We received an encouraging letter the other day from someone who wanted us know what was going on in her church. The letter was so encouraging, we decided to break it down into two parts.
Our Pastor was so impressed with the philosophy of “I Am Second” that he wanted to engage our congregation and challenge them during the season of Lent. As we were doing a Bible Study called “Walk Across The Room,” we decided to do the “I Am Second” challenge as a follow-up with the wristbands and “I Am” New Testament Bibles. The wristbands became the conversation starter that many of our “timid” congregational members needed. They simply used the front page of the Bible as a study guide, discussing the “I Am” scriptures within their families and then committing those verses to part of the conversations they had with other people. During Lent, members were encouraged to do daily scripture reading, daily accountability, and daily sharing with others (particularly non-believers). Both the wristband and the Bible encouraged each of the people who used them to share their faith. These tools also seemed to spark confidence that each person could share their belief as they were sharing a conversation about being a Second!
Mitzie Deike, Veribest UMC
What a cool way to get the whole church involved in outreach! What are some things you’re doing for Lent? When people ask you about it, are you able to share Jesus with them?
Find these at www.iamsecondstore.com!
*If you’re interested in getting some of the “I Am” New Testaments, you can find them at www.iamsecondstore.com under Promotional Items.
But he said to me, “My grace is sufficient for you, for my power is made perfect in weakness.” Therefore I will boast all the more gladly about my weaknesses, so that Christ’s power may rest on me. That is why, for Christ’s sake, I delight in weaknesses, in insults, in hardships, in persecutions, in difficulties. For when I am weak, then I am strong.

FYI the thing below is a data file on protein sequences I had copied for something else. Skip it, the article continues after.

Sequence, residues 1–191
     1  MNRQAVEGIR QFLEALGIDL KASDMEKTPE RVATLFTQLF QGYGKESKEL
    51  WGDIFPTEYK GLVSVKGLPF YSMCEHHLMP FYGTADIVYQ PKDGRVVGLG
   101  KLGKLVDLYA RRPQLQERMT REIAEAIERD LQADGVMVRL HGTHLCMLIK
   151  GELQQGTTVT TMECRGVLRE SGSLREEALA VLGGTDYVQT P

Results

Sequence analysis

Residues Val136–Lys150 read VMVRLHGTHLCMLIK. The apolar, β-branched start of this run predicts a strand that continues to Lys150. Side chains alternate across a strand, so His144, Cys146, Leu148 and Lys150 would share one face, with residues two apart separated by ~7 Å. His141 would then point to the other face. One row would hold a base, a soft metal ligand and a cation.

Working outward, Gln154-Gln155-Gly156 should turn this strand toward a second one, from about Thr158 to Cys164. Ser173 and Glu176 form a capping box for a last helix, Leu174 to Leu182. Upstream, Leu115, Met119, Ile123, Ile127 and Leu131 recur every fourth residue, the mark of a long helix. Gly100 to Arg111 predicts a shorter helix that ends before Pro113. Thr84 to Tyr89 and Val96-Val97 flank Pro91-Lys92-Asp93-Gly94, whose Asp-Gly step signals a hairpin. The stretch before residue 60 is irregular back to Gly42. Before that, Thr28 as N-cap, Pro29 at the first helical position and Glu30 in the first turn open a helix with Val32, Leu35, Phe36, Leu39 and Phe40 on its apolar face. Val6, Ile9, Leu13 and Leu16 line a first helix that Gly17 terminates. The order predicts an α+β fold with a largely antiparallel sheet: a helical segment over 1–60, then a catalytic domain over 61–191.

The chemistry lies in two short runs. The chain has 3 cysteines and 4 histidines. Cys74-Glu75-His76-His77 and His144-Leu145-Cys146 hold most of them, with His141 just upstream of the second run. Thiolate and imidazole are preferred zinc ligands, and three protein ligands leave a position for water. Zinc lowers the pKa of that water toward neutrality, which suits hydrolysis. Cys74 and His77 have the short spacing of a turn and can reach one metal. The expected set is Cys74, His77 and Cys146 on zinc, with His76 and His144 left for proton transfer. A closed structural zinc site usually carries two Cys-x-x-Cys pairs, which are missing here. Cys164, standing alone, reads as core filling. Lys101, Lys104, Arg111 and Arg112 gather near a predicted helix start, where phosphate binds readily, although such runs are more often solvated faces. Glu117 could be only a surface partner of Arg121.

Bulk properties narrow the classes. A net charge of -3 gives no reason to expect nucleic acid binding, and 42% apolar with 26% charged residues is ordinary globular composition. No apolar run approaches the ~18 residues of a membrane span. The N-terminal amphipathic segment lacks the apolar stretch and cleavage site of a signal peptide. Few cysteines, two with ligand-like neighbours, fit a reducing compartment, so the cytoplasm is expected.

I just had someone email me about wanting to become a believer. The issue was that they didn’t think they were strong enough. A few months ago, I had another friend who said something very similar to me. This verse immediately came to mind. It was also a challenge to me. I love acting like I have it all together, you know? I love Christ and therefore things are great! But in reality, any ounce of strength I have comes directly from Christ. I was incredibly weak when I came to Him. I don’t know how much you guys know about my testimony: http://iamsecond.com/#/seconds/Shannon_Culpepper/, but I came out of a verbally abusive relationship. A lot of times I hear, “That took a lot of strength to be able to leave.” On the contrary! I was tired of fighting. I was tired of being talked down to. I couldn’t handle being in the relationship anymore. I was too weak to keep going through what I was going through. So I ran to Christ. Then, He gave me strength. But how often do I actually tell people that my strength isn’t my own?
All that to say this: When we proclaim or present strength, I challenge you to make sure that people know it is entirely from the Lord, because even when we’re weak, He makes us strong.
Isn’t our God good?
That’s all for now J
“We loved you so much that we were delighted to share with you not only the gospel of God but our lives as well, because you had become so dear to us.” – Paul
Wait a minute. “We loved you so much“… Now there’s a new way of looking at it (for me anyway). I always have this idea in my head that the love I show others comes directly from my love from God. My love from God compels me to share His love with others. I still wouldn’t say that’s wrong… but maybe it’s incomplete. Should it be my love for God and my love for others that brings me to the point of sharing the gospel? And not only the gospel—but my life as well. For Paul to share his life with someone, it meant he was spending time with them in community—living with them, eating with them, and serving with them. How often do we make that next step of truly investing not just a conversation, but authentic and substantial time with a person? We should be taking delight in these things out of our love for our neighbors. But fundamentally, do we love our neighbors? Think about those who we’re called to love. (This would be everyone—friend and foe alike). Do we truly love them? Now, if we love them, shouldn’t we invest in them both through sharing the gospel with them, and then by following up with them through quality time?
The challenge is pretty self evident here, but I’ll lay it out just in case. Examine your relationships. 1) Do you love your neighbors? 2) If you love them, are you showing them genuine love? 3) If you’re showing them genuine love, are you showing them Christ? 4) If you’re showing them Christ, are you continuing to love them by investing in them?
I of course am not suggesting that you beat anyone over the head with a Bible, but I think it’s important that we show an authentic compassion and love for people through actions and quality time so that the faith that we share doesn’t stand alone. Then we, like Paul, can show others our love.
Let me know how it goes!